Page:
Here is another teaching philosophy, written by A.J. Hartis, one of my University of North Texas students. You can also see his technology component, a Prezi, here.
“Every child is an artist. The problem is how to remain an artist once we grow up.”
These words once stated by Picasso, in my opinion, reflect the absence of fear that children are able to act upon when they are making art. Whether I teach the elementary level or above, I hope to have my students always to make art with this attitude. It’s my intent to have my students make open-ended assignments while gaining a base knowledge of art history, art criticism, and aesthetics.
The world we live in is more than ever saturated with images. I hope to have my students take away from me the ability to produce these images that affect our world so much, whether they are seen in a gallery, magazine, website, museum, textbook, or local coffee shop. If a picture is worth a thousand words, the possibility of students having their own images and work seen by others gives an unprecedented chance for them to express themselves.
I look back and see a range of improvements from my art teachers from my secondary learning that were possible to attain. It is because of this that leaves me with an everlasting wonder of what artists my classmates and I could be if my art education was carried out with more proficiency, zest, and expertise. These qualities, plus the motivation to carry out these ideals as an educator myself, will make it possible for my students to leave with no question of whether they were lead to reach their full potential and success as an artist.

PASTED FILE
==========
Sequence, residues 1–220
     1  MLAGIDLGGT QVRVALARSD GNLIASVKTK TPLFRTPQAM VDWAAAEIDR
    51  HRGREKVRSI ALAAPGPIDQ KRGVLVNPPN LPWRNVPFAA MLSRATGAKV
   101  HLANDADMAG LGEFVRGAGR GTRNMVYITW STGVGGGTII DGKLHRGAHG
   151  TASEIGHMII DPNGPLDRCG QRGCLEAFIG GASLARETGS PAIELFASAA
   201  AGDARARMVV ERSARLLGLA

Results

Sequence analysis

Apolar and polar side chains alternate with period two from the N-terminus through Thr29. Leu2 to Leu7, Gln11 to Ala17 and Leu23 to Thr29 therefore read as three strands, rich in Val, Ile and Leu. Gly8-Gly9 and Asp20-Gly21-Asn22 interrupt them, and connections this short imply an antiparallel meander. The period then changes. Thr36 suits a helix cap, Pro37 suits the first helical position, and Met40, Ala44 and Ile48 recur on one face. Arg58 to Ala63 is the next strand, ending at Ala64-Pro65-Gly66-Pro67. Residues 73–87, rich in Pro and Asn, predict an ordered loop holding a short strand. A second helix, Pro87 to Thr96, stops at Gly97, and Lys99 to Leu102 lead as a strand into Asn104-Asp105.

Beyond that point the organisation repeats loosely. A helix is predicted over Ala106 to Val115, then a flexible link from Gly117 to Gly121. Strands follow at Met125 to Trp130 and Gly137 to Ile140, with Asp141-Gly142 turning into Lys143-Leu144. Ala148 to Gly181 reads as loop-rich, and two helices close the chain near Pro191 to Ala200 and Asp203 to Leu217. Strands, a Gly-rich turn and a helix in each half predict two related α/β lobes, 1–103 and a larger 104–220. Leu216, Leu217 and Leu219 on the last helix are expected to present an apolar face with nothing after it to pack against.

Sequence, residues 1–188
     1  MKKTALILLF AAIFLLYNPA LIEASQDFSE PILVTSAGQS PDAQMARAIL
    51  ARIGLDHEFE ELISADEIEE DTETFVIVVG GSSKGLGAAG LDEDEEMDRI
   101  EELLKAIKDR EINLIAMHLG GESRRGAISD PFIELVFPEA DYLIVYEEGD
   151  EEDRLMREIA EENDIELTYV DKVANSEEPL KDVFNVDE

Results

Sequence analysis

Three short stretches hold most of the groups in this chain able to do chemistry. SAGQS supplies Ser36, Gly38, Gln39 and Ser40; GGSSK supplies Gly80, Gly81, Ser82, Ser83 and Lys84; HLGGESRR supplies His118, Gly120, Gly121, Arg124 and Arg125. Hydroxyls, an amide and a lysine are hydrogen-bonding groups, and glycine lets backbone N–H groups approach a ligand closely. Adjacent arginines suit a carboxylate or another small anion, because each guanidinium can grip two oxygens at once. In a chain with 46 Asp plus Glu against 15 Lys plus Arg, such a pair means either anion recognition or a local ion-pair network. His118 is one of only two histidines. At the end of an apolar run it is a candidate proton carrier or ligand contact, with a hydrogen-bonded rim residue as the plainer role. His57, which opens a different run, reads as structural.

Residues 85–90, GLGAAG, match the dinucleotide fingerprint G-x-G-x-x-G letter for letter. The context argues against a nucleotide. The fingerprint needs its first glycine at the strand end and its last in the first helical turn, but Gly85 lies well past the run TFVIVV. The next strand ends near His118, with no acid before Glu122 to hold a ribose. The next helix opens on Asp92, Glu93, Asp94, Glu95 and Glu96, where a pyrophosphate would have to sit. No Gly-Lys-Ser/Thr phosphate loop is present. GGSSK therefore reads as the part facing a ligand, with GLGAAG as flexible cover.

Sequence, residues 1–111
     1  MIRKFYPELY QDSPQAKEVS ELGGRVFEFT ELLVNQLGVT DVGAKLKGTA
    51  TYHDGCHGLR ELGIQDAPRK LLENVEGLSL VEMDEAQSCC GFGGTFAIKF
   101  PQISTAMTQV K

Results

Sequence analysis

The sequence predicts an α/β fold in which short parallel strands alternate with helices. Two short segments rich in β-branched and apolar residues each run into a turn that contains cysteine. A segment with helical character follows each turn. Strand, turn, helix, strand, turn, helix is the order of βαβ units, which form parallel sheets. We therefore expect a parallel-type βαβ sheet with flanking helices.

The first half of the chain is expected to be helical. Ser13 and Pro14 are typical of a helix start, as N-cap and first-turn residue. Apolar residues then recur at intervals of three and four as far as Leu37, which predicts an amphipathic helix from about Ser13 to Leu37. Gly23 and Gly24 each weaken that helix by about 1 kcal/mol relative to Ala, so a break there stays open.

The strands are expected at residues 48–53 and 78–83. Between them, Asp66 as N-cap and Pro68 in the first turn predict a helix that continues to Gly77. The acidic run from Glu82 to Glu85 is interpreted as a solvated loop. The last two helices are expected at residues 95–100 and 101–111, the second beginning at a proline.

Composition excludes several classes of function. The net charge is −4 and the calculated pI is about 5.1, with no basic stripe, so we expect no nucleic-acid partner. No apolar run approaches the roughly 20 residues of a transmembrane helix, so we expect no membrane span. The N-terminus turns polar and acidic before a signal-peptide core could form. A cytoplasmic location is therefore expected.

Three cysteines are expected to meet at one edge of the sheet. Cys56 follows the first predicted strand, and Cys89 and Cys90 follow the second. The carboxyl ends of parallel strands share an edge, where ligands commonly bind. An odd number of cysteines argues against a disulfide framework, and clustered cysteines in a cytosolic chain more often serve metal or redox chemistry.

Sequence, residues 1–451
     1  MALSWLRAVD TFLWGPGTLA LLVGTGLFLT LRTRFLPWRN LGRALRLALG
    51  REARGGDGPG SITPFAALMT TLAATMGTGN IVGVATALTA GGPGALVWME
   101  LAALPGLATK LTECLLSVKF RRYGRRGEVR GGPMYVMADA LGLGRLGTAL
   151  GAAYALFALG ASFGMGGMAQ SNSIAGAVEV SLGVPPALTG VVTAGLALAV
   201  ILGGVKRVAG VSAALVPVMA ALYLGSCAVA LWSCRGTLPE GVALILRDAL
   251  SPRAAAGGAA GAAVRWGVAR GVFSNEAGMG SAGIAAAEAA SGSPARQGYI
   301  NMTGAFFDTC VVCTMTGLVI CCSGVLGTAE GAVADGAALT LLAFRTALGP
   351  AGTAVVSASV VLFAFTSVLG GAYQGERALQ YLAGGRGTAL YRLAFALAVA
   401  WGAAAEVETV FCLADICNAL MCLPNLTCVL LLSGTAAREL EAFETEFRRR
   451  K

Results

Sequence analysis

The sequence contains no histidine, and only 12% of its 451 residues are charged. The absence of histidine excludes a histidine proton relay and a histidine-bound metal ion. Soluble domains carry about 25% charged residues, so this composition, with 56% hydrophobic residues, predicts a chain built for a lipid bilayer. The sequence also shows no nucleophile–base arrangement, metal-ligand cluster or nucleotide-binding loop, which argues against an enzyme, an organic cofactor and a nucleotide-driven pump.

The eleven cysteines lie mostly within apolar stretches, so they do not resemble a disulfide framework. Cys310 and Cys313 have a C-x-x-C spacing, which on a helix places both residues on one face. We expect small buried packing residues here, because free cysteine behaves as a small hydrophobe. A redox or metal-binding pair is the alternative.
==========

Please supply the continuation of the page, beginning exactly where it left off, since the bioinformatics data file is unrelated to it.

I believe if I succeed in doing this, the reward will be beyond compare. Not only will my students’ success prove my worth as an educator, it will pave the way for a better future for them, and a more aesthetically pleasing one at that. The desire for their success, and having that desire rub off on them, will be one thing that takes care of all of these things. If I can reach a student whom others might deem unreachable, and encourage his or her ideas, all the challenges of teaching will be worthwhile.